How many doses of the Covid vaccine should my disabled child get?

5 mins read

Monday 25 October 2021

Tags: covid, vaccination, coronavirus, JCVI

With news that all children aged 12-15 qualify for a Covid vaccine being announced alongside significant updates to children’s clinical risk groups, autumnal booster jab eligibility and third doses, there is understandable confusion over what each child or parent carer is entitled to.

This confusion has extended to medical professionals themselves, as we’ve heard ongoing reports of parents being told their vulnerable child can’t get the vaccine dosage they’re entitled to.

Many parents have told Contact that their child was turned down for a second jab despite qualifying for multiple doses under the Joint Committee for Vaccination and Immunisation (JCVI)’s expanded list of underlying health conditions.

What vaccine dosage can my child get and how do they book it?

Ages 12 to 17

Healthy children (not part of a clinical risk group)

Healthy children aged 12-17 in the UK are eligible for a single dose of the Pfizer vaccine.

Healthy 16- and 17-year-olds can use the national online booking service, find a walk-in vaccination centre or wait to be invited by to a local NHS service. There is no need to wait for an invitation if they want to book now.

Healthy 12-15-year-olds can also use the national online booking service, but parental consent must be given before your child receives the vaccine. You can either complete a consent form or give your consent at the appointment. They might also receive their vaccine in school.

Children within clinical risk groups

12-17 year olds who are considered clinically vulnerable, or who live with individuals of any age who are immunosuppressed, should get two doses at least eight weeks apart. In England, around 350,000 children are eligible for two jabs.

These children will be sent a letter inviting them to arrange their vaccines at a local NHS service, such as the GP. If you think your child is eligible for a second vaccine but they don’t receive an invitation, speak to your GP.

Clinically vulnerable 16-17 year olds can also get both doses at a walk-in vaccination centre, or book their first vaccine using the national online booking service and take their invitation letter for a second vaccine to a walk-in vaccination centre.

What if my eligible child is refused a second vaccine?

Despite these guidelines, parents of vulnerable children have reported being unable to arrange a second jab due to miscommunication over the different dosage requirements.

If this happens to you, we recommend speaking to your child’s GP or clinician who was responsible for arranging their first jab. Refer them to page 17 of the government’s Green Book guidance, which states: “Children and young people aged 12 to 17 years who are in recognised risk groups… should receive their second dose at an interval of at least eight weeks. A decision on when to offer the second dose to healthy children and young people is pending further evidence on the safety of a second dose in this age group.”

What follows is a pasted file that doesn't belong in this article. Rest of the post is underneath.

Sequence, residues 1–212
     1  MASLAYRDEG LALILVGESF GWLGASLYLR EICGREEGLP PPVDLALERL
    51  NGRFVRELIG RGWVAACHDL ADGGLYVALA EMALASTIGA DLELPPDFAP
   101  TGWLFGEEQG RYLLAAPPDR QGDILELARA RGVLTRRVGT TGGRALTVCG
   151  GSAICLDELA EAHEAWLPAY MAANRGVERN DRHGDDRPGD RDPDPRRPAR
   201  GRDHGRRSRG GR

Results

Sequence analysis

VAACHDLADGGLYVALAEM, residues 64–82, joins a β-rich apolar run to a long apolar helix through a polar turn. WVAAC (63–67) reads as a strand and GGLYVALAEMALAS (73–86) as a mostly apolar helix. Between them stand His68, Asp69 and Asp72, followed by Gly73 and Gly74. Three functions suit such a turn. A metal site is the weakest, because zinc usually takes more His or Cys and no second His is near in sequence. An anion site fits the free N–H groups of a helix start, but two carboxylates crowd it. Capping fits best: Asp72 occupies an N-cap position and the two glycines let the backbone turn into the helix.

Page 19 of the Green Book outlines which conditions form part of recognised risk groups.

If your child’s GP is unable to help, speak to your local Clinical Commissioning Group or visit your local hospital hub, walk-in centre or vaccination site for assistance with arranging their second jab.

Some children who are immunosuppressed may not mount a full immune response to two doses of the vaccine and are therefore eligible for a third shot, ideally at least 8 weeks after the second jab.


Young people aged over 18 (or who are turning 18 within three months) can get a first and second dose of the vaccine.

To book a vaccine in England, use the national online booking service. Your young person can book both vaccines at the same time, although they must be eight to 12 weeks apart.

They can also find a walk-in vaccination centre. If they do this, they should book the second vaccine online.

The GP might also contact your young person about getting a vaccine, but there is no need to wait for this.

What about parent carers?

Unpaid carers in the UK have started being offered a Covid booster jab from September. This includes adults who receive Carer’s Allowance or those who are the primary carer of a disabled person of any age who is considered clinically vulnerable.

The booster should be given at least six months after a person had their second dose. People will be offered either a full dose of the Pfizer vaccine or a half-dose of the Moderna vaccine, regardless of which jab you originally had.

  • Carers in England can now book their booster jab via the NHS online booking portal.
  • In Wales, eligible individuals will be contacted directly when it is their turn.
  • Unpaid carers in Scotland will be able to book an appointment via the online portal soon, after which letters will be issued to anyone in eligible groups who haven’t booked an appointment online.
  • In Northern Ireland, the booster programme has started with residents and staff in care homes. Unpaid carers are expected to be contacted by their GPs in due time.

For more information on the Covid-19 vaccination programme, take a look at our FAQs.